Director Chimbudeven’s fantasy adventure film Puli released today, but not without a major hiccup which left many questioning the government’s intentions. Was this a case of income tax (IT) officers just doing their job and carrying out a legitimate raid with really bad timing? Or was this an instance of politically motivated harassment, given actor Vijay’s past history of political trouble. We take a look.
The first show was scheduled for 4:30 am. However, an ongoing IT raid since yesterday in 35 places, including Vijay’s house, and premises owned by producers PT Selvakumar and Shibu Thameen, disrupted the early morning 4:30 am and 8:00 am shows. There was some resolution by mid-morning, because Sathyam Cinemas in Chennai began issuing tickets for the 12:00 pm show. Meanwhile, overseas theatres also confirmed receipt of the KDMs (Key Delivery Messages – a code to open the reels).
Because the raid had carried over to the second day, the producer’s bank accounts had been locked. This meant that producers couldn’t pay the digital cinema distribution networks QUBE and UFO. And that meant the KDMs hadn’t been released by the networks. Actors T Rajendar and Vishal rushed to Gemini Labs to resolve the issues. As did Vijay, after he was cleared by the raid team early this morning. At the time of writing, the Tamil and Hindi releases have been confirmed.
The big question: why was the raid timed for the last minute?
Some sections allege that the raid was triggered by large amounts of cash transfers from the stars’ and producers’ accounts yesterday, ahead of the release. Others blame the Government for targeting certain celebrities.
DMK leader J Anbazhagan pointed out that the raid could have been carried out days before the release. With a thinly veiled dig at Chief Minister J Jayalalitha, he seemed to have no doubts that this was a deliberate attempt by the Government to cause trouble.
#Puli is a mega budget movie, well known to all. Why there is a IT raid a day before release? Politics played a spoilsport from TN to Delhi.
— J Anbazhagan (@JAnbazhagan) October 1, 2015
Fans and journalists were unimpressed with the timing of the raid. Since the IT department was aware of Puli’s budget, the raid could easily have been carried out a fortnight prior to the release.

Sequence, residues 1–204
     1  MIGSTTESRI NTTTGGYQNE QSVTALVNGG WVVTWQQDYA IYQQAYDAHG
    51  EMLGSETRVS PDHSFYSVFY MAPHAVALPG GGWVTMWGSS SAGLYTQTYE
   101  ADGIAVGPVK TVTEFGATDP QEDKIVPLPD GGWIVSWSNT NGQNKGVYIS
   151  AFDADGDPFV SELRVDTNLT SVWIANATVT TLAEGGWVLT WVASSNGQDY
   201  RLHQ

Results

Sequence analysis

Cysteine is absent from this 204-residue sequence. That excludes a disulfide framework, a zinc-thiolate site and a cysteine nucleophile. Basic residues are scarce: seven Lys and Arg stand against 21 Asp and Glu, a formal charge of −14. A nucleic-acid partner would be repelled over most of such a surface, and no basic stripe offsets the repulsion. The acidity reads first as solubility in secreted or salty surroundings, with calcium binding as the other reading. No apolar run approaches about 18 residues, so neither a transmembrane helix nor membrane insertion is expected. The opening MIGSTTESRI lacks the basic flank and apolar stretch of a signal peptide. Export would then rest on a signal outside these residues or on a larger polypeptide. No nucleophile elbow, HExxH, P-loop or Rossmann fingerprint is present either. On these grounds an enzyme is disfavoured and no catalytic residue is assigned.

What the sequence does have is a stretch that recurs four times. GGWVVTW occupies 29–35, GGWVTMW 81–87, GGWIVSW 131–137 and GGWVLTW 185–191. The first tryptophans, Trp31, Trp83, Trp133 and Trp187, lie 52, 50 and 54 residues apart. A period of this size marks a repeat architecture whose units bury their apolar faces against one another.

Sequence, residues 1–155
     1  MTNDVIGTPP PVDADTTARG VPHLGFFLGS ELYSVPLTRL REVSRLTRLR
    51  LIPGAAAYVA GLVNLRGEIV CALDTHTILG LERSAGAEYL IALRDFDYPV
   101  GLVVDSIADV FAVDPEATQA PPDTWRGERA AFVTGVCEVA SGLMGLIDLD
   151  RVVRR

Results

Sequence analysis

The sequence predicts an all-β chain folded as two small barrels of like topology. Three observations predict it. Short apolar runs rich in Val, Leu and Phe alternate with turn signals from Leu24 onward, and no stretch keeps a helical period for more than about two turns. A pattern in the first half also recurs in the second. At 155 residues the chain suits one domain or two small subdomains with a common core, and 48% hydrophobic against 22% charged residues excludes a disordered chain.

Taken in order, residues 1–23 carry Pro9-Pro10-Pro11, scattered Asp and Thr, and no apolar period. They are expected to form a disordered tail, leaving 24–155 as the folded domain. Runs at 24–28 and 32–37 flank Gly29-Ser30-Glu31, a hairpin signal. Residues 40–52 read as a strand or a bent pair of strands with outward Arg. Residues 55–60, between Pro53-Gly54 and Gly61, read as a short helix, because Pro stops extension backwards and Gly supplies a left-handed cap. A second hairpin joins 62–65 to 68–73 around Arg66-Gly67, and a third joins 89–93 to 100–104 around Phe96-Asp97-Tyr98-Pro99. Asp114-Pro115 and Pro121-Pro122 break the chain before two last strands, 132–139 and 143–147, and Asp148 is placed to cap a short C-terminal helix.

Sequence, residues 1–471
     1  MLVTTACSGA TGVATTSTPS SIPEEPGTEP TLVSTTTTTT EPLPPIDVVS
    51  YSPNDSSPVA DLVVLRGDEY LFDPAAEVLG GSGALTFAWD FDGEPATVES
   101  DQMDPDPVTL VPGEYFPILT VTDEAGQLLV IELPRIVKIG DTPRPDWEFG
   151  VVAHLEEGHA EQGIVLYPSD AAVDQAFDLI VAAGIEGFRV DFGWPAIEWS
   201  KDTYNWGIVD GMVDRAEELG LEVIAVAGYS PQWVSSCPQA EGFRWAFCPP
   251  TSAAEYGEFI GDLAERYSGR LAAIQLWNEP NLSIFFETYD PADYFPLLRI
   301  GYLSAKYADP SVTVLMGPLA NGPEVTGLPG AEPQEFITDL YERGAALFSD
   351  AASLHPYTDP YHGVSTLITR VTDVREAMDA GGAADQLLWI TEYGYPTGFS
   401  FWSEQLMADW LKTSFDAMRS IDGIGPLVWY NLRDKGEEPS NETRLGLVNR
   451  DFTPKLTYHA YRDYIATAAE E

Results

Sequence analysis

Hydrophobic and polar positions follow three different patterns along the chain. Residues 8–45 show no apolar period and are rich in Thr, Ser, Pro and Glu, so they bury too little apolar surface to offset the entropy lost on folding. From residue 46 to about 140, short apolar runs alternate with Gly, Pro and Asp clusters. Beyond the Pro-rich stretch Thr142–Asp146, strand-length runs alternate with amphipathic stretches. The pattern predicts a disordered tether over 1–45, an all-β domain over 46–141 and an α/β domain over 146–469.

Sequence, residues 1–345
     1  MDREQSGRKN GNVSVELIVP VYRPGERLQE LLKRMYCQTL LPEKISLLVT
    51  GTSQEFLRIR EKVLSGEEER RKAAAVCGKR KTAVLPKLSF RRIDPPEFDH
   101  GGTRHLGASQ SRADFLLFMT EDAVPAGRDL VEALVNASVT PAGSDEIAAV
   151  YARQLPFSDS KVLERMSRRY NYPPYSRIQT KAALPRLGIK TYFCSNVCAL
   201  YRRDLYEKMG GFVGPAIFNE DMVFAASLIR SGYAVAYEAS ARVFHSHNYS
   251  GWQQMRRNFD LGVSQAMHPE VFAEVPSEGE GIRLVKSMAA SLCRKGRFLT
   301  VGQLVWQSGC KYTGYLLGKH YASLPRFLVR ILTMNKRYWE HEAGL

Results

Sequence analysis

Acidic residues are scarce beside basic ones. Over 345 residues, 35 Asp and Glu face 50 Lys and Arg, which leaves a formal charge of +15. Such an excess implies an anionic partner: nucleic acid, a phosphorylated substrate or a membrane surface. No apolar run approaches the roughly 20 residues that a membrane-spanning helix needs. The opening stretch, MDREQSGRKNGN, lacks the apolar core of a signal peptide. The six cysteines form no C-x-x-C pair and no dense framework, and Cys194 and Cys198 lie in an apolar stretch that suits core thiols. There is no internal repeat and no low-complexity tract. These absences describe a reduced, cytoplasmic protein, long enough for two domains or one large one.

— Shabbir Ahmed (@Ahmedshabbir20) October 1, 2015
Fans began a social media campaign on Twitter, with #ISupportPuli trending quickly. Even Ajith fans were drawn in.
Less heartwarming were reports of attacks by angry fans on buses in Madurai and obstruction of traffic in Chrompet in Chennai led to extra police presence in several places in Tamil Nadu.The sentiment was much the same.
I am a thala fan but still … this is nt fair to target a person tht too at the time of release #ISupportPuli
— Akash Aditya (@0a8a0df4915d42d) October 1, 2015
Why does this hooliganism happen only to Vijay movies? Are the existing politics in Tamil Nadu so afraid of his reach or what? #ISupportPuli
— Praveen Karan (@pravenbg) September 30, 2015
This situation isn’t new for Vijay. In 2013, when bomb threats were issued by ‘Oppressed Students’ Revolutionary Union’ against his film Thalaivaa, the government banned the film’s release, instead of providing additional security. And when director AL Vijay and Vijay tried to meet CM J Jayalalitha to resolve the issue, they were snubbed and turned away on the grounds that they had come without ‘prior appointment’.
Despite the cold shoulder treatment from CM J Jayalalitha, Vijay has consistently voiced his support for her and her party AIADMK. He had even campaigned for them during the assembly elections. Theatre distributors attributed the ban to external forces and the AIADMK party. The seeming cold war continued during the 100 Years Of Cinema Centenary Celebrations, which was presided by CM J Jayalalitha. Vijay was seated in the last row while other actors were given front seats. Actor Vikram and Aishwarya Dhanush made it a point to sit by him on that day.
From Vijay’s side, however, it seemed as if every olive branch was being extended. Vijay attended the protest against the Sri Lankan Government for publishing an article demeaning the image of J Jayalalitha. He even said,
“Reading the article, I felt like my mother was being insulted.”
But Vijay isn’t the only one at the receiving end of the stepmotherly treatment. When actor Kamal Haasan’s spy thriller Vishwaroopam ran into trouble with Musilim civic organisations in Tamil Nadu on the grounds that it would hurt Muslim sentiments, the Government (under CM J Jayalalitha) banned the film indefinitely. Both Thalaivaa and Vishwaroopam were released elsewhere in India and abroad.
Without any delay on a Tamil Nadu release, box office collections would see a dramatic drop, as pirated DVDs would flood the market.
2015 seems to have been a particularly bad year for a number of films and last minute hitches. Vishal’s Paayum Puli, STR’s Vaalu, Ashok Selvan’s Savaale Samaali all had to deal with last minute shockers for a variety of reasons.
Y do u ppl bring out issues on da last day insted of solving it months bfore Unethical.Y stop releases jus for 1 distributor n few theatres — Vishal (@VishalKOfficial) September 2, 2015
The bottomline: the raid may or may not have been politically motivated, but last minute antics cause an irreplaceable loss. It hurts producers, it hurts artists. And it especially hurts the fans, who wait eagerly for the first day, first show. At 4:30 in the morning. For an experience of a lifetime.